For TV executives, looking for an extra 2% in the short term might mean sacrificing 50% in the long term. Right now, says Needham & Co.’s Laura Martin, networks are "fighting over the 0-2% viewing growth pie rather than the 50% viewing growth pie." Instead of continuing to spend money on traditional TV half-hour, hour and two-hour programming, perhaps, she says, networks should devote 10% of their money to shorter digital video programming.
We all know digital video stuff can't get the big advertising dollars. But as the population ages, those younger viewers who have incorporated a lot of snackable video bites may be increasingly important to future TV-video marketers looking to find ways for new delivery of commercial messages. The question is whether traditional TV networks will be left behind if that happens.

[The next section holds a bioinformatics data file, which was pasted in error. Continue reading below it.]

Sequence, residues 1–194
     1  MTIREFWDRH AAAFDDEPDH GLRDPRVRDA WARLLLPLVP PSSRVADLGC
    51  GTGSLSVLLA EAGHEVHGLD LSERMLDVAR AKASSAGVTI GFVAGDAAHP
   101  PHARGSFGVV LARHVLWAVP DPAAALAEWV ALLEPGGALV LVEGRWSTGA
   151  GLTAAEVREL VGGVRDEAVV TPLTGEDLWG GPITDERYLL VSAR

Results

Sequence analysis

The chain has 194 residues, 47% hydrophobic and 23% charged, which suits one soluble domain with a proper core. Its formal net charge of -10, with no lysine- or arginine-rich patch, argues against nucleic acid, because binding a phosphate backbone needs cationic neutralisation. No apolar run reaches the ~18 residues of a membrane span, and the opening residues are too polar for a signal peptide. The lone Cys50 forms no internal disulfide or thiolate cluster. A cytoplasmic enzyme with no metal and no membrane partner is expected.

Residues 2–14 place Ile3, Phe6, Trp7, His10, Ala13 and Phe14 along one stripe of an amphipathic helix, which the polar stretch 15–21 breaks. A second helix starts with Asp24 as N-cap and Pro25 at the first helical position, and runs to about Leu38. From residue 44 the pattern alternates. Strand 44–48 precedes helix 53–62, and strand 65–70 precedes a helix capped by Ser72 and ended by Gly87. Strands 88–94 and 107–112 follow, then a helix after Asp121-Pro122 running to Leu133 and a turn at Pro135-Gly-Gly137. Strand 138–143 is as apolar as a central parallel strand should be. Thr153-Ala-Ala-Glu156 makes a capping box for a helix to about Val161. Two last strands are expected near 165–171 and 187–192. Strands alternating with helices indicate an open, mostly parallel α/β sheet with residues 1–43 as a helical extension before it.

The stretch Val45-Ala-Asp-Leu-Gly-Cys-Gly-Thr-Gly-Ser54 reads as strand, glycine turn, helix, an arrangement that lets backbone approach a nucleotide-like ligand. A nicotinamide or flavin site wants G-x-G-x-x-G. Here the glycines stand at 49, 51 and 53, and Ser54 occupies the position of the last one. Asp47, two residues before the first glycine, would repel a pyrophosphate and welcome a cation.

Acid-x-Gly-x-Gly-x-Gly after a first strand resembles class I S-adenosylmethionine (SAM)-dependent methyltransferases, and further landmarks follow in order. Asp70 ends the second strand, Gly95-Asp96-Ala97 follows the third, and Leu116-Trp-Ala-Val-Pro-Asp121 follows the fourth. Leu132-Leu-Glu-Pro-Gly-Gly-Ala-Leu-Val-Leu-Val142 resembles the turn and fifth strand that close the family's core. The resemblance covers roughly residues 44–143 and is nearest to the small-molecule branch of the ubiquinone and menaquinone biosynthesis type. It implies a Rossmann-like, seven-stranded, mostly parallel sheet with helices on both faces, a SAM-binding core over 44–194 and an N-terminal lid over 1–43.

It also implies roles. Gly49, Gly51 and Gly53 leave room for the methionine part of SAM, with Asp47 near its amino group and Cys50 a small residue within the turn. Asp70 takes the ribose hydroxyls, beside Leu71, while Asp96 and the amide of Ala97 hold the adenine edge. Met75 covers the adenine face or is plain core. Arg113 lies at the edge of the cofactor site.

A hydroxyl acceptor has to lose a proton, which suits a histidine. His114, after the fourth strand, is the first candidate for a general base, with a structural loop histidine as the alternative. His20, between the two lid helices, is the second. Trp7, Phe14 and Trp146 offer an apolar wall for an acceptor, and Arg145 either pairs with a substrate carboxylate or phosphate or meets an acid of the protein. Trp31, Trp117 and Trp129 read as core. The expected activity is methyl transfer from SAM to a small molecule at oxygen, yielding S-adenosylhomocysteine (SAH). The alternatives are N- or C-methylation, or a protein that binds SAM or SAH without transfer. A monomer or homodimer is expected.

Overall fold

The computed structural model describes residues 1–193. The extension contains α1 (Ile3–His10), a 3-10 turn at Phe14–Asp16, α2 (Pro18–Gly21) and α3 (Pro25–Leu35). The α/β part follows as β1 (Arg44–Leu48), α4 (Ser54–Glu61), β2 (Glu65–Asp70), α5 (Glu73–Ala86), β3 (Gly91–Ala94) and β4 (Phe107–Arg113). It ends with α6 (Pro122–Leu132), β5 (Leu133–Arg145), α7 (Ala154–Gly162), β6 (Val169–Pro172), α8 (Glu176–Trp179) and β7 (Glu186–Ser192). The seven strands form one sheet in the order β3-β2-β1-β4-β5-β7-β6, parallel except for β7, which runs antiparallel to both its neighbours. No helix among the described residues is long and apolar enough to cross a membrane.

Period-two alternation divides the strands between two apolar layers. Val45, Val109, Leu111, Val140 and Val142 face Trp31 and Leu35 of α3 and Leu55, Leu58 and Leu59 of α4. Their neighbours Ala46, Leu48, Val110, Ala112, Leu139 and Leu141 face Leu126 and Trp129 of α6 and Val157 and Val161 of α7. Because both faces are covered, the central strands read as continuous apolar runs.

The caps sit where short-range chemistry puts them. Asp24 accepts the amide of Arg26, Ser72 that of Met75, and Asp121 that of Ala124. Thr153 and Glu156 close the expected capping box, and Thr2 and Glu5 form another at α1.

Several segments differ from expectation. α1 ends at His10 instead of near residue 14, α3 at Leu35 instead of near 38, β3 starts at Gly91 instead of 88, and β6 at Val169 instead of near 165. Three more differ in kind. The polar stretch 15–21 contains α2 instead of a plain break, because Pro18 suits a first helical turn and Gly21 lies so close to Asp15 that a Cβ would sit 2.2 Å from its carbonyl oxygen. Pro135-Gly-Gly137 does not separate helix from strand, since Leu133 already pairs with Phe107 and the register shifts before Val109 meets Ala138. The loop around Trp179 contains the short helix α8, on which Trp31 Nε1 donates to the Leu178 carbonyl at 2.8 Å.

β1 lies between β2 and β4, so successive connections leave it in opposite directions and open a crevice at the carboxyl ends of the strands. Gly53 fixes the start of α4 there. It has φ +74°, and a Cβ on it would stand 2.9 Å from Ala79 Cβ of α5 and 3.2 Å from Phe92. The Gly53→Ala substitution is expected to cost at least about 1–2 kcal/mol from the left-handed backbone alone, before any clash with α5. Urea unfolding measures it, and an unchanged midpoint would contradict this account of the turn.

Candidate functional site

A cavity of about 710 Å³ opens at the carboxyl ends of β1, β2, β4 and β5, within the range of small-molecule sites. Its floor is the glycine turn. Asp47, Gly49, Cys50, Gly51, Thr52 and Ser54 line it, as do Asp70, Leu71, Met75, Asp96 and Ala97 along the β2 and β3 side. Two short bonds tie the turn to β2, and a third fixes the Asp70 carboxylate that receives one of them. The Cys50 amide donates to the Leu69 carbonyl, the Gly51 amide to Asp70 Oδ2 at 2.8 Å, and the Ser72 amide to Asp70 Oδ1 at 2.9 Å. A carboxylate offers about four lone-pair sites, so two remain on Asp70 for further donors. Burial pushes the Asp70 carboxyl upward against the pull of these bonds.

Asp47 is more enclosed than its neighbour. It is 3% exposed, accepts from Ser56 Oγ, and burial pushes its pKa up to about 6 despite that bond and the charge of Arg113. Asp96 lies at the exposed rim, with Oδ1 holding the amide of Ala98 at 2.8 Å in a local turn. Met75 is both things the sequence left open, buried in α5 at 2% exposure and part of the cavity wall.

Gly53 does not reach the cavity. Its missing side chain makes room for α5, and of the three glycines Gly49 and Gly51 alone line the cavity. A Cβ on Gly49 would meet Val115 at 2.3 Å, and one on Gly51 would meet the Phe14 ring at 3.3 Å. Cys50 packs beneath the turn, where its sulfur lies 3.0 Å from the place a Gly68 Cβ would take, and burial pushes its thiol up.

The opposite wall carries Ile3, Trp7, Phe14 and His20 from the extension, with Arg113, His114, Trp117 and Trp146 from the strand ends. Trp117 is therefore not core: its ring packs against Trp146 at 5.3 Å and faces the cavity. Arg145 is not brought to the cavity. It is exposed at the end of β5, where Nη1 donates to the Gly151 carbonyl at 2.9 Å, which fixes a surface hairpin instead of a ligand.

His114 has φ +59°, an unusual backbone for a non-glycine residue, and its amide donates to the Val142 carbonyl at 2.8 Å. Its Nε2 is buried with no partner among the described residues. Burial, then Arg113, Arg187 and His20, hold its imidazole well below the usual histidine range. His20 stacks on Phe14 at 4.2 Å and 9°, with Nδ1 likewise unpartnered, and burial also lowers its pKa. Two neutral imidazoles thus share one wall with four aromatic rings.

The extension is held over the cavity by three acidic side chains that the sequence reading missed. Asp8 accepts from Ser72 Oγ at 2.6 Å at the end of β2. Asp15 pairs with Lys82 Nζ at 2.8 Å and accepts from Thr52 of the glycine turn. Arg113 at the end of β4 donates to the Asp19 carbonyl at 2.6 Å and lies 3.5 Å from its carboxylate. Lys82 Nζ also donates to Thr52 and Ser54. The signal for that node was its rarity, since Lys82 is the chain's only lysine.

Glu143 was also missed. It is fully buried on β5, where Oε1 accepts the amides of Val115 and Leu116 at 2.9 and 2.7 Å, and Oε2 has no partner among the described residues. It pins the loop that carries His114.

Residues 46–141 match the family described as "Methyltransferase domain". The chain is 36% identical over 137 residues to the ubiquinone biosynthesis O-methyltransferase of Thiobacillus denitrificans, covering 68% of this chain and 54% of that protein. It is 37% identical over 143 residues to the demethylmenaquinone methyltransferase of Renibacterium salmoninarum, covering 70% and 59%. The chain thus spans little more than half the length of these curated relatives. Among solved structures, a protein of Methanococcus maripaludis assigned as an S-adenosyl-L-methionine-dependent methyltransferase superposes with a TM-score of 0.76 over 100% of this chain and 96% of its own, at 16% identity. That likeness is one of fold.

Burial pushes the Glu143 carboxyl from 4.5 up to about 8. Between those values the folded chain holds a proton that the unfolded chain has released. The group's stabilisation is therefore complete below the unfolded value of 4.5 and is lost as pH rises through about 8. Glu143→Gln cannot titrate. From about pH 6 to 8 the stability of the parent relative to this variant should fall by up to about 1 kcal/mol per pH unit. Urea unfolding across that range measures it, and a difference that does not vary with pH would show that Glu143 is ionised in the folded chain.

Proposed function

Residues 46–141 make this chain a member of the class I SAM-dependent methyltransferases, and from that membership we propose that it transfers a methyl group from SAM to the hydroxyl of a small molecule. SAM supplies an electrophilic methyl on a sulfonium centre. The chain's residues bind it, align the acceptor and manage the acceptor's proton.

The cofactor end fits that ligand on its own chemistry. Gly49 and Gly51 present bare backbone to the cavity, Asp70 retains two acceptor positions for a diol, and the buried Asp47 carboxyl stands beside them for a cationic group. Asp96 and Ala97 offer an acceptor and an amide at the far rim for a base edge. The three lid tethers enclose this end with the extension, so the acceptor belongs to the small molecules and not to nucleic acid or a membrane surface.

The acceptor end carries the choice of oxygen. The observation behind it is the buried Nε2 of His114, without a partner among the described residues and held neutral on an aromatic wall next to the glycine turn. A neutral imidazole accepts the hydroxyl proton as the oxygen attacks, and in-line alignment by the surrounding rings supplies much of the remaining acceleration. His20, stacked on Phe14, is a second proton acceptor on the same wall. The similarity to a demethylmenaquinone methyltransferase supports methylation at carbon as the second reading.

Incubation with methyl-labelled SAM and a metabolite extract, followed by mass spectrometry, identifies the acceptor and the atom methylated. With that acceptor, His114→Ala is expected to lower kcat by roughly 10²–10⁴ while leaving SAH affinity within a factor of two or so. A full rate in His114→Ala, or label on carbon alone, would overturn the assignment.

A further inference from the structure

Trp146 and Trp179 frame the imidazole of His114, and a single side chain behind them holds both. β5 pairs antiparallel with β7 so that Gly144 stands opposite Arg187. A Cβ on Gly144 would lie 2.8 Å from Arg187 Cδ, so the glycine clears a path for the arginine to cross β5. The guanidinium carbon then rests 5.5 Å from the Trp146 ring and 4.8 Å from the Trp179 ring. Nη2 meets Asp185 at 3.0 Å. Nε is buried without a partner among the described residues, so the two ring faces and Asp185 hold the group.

Martin's warning may not be that far-fetched. Increasingly higher sports programming fees for cable operators, satellite TV services, and telco companies could be hitting the breaking point. Cablevision Systems just recently instituted a surcharge to consumers for certain sports programming networks. DirecTV, Verizon, and others made similar adjustments. Could other TV categories be next -- leading to perhaps a business formula for a la carte pricing?
You can actually go one step further when considering the wrong percentage goals. Two or three percent is also the difference between current C3 and C7 ratings. C3 ratings -- average commercial ratings plus three days of time shifted viewing -- are how national TV networks get paid from TV advertisers these days.
In the short term, C7 ratings are where TV networks want to go. But is that a direction they should be going? Are there other rules to consider?